Heavy rare earth element (HREE)–depleted trace-element patterns are a relatively common feature of granitoids within mature Cordilleran continental margin arcs (e.g., Sierra Nevada batholith, Coast Mountains batholith, North Cascades, Peninsular Ranges batholith). This depletion is commonly interpreted to indicate the presence of garnet during granitoid melt formation, which requires thick arc crust (>40 km) to achieve the necessary pressure conditions to stabilize garnet in the lower crust. This work focused on understanding the evolution of thickened crust in an ancient continental arc using whole-rock geochemical data, high-precision chemical abrasion–isotope dilution–thermal ionization mass spectrometry (CA-ID-TIMS) U-Pb zircon geochronology, and in situ zircon Hf and O isotopic data from three contemporaneous Cretaceous plutons in the North Cascades of Washington State, USA.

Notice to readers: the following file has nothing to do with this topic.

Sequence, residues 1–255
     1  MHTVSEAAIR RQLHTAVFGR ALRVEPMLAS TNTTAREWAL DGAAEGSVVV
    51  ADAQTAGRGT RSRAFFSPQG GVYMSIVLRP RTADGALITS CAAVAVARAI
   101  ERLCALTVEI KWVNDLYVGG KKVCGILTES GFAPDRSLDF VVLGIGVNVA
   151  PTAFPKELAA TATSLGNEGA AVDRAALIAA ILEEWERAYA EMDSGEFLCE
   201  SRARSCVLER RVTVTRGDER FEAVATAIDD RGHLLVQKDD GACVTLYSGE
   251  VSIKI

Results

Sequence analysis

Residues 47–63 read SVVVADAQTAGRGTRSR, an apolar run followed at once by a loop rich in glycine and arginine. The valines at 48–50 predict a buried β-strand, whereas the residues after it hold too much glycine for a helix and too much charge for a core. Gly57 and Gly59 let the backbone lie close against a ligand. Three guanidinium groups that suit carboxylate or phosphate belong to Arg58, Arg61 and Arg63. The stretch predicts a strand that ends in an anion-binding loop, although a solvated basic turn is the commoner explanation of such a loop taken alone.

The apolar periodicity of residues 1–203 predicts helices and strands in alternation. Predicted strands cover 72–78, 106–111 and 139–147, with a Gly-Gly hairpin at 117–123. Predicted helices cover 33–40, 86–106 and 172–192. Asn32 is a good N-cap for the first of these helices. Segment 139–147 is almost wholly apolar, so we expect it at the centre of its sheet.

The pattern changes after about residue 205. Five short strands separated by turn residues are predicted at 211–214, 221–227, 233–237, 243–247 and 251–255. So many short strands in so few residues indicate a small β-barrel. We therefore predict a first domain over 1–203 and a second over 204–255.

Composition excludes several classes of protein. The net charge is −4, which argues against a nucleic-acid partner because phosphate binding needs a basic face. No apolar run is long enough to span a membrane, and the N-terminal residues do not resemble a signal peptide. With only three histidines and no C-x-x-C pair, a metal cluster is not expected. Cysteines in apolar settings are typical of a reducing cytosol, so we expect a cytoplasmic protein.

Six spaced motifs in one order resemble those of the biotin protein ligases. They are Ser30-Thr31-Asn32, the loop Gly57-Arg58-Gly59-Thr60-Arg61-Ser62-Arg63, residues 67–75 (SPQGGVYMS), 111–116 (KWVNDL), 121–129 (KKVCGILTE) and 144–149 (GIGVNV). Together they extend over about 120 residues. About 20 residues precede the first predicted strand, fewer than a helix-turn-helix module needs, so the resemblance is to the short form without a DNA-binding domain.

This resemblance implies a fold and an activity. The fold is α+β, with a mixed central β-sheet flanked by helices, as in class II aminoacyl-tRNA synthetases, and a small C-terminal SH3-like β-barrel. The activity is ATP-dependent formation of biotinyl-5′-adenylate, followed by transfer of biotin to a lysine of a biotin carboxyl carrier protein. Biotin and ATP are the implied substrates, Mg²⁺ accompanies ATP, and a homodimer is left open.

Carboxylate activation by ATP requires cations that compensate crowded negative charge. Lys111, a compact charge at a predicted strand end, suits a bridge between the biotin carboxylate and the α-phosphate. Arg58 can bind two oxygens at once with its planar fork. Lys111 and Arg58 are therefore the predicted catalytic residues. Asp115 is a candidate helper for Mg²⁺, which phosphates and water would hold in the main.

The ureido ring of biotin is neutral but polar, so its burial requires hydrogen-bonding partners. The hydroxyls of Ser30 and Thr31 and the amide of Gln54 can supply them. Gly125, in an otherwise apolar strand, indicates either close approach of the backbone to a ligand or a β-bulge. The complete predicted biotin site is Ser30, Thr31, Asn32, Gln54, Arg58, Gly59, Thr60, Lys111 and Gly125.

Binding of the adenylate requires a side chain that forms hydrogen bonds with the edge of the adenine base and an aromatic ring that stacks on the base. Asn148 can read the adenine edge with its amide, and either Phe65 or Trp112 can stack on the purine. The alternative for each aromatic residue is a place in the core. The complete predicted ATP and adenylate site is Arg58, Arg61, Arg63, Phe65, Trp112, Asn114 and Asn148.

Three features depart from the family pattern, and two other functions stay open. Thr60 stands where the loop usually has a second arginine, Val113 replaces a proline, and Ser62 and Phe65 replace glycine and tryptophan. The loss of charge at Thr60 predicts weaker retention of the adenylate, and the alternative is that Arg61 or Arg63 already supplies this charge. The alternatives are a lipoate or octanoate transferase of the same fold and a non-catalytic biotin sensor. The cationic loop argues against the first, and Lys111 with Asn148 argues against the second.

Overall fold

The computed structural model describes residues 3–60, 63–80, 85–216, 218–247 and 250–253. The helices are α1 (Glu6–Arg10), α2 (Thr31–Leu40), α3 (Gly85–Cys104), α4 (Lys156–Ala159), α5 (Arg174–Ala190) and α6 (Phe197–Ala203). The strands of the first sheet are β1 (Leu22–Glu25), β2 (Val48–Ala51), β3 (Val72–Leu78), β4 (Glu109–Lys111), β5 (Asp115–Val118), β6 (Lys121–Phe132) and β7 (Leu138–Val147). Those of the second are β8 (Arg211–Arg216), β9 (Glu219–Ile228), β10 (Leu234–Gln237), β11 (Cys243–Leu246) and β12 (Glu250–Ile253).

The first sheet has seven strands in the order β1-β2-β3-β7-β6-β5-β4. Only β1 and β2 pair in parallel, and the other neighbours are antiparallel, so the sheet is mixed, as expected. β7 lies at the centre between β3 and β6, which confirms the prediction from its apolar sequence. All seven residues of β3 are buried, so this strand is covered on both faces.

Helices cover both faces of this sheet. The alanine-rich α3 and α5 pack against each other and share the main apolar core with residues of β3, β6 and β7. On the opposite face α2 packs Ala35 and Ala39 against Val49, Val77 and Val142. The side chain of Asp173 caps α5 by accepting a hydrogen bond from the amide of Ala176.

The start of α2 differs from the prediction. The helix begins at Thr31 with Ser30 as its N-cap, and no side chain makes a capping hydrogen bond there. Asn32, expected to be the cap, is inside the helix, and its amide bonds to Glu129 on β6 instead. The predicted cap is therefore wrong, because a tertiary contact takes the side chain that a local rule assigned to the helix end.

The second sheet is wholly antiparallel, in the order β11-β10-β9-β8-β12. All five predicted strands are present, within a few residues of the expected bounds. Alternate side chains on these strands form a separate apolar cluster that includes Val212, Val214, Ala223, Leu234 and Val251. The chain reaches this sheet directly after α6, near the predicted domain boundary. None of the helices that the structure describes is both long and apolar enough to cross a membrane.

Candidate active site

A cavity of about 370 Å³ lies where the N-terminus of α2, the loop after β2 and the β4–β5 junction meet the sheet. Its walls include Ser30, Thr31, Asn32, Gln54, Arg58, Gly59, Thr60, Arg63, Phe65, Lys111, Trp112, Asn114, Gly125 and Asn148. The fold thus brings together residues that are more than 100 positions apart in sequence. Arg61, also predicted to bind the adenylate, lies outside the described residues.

New data show that, over time, magmas from three North Cascades plutons became more felsic and more HREE-depleted but lacked a significant change in zircon δ18O. The gradual depletion in HREEs through time is interpreted as evidence for a progressively thickening crust in the North Cascades arc that only became thick enough to stabilize garnet between 90 Ma and 87 Ma. This time frame also coincides with the end of a major period of contraction and plutonism in the region, suggesting a link between thick crust and the end of a major magmatic flare-up. The absence of appreciable change in zircon δ18O values during this time suggests that thickening may have been the result of crustal shortening within the arc, causing migration of the magma source region to below the garnet stability threshold.

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